FIG. 10 is a combination diagrammatic and schematic illustration of an alternative exemplary air supply system 300 for the internal combustion engine 110. The air supply system 300 may include a turbocharger 320, for example, a high-efficiency turbocharger capable of producing at least about a 4 to 1 compression ratio with respect to atmospheric pressure. The turbocharger 320 may include a turbine 322 and a compressor 324. The turbine 322 may be fluidly connected to the exhaust manifold 116 via an exhaust duct 326. The turbine 322 may include a turbine wheel 328 carried by a shaft 330, which in turn may be rotatably carried by a housing 332, for example, a single-part or multi-part housing. The fluid flow path from the exhaust manifold 116 to the turbine 322 may include a variable nozzle (not shown), which may control the velocity of exhaust fluid impinging on the turbine wheel 328.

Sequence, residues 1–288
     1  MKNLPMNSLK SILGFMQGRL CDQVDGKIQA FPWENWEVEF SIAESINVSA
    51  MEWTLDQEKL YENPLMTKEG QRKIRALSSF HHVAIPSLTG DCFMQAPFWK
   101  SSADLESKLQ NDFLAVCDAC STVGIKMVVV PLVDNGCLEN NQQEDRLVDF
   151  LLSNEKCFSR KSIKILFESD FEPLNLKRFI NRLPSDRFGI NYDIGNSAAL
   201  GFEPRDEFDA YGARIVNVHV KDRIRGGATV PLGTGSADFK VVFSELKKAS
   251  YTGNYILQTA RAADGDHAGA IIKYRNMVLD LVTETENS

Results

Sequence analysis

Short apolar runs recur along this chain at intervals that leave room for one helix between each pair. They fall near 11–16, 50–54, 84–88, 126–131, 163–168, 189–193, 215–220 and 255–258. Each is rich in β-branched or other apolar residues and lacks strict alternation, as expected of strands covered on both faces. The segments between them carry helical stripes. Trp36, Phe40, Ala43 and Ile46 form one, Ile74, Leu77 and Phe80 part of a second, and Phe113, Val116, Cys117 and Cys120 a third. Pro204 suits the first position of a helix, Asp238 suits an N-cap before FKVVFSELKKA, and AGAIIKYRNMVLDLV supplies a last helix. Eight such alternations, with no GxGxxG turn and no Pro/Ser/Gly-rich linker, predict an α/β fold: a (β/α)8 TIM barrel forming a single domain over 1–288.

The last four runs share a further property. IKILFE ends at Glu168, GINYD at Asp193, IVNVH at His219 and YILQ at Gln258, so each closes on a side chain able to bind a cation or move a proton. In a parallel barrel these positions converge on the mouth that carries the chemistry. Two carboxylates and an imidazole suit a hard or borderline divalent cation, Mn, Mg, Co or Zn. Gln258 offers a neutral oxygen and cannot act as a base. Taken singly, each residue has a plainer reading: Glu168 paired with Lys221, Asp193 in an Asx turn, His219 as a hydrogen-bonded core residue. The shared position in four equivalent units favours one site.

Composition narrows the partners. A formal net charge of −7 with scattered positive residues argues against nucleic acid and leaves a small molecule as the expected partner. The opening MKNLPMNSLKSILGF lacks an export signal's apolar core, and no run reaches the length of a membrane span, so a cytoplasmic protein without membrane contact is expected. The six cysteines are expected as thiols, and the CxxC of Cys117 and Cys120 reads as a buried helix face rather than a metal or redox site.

The compressor 324 may include a compressor wheel 334 carried by the shaft 330. Thus, rotation of the shaft 330 by the turbine wheel 328 in turn may cause rotation of the compressor wheel 334. The turbocharger 320 may include an air inlet 336 providing fluid communication between the atmosphere and the compressor 324 and an air outlet 3230 for supplying compressed air to the intake manifold 114 of the engine 110. The turbocharger 320 may also include an exhaust outlet 354 for receiving exhaust fluid from the turbine 322 and providing fluid communication with the atmosphere.

The air supply system 300 may include an air cooler 356 between the compressor 324 and the intake manifold 114. Optionally, the air supply system 300 may include an additional air cooler (not shown) between the air cooler 356 and the intake manifold 114.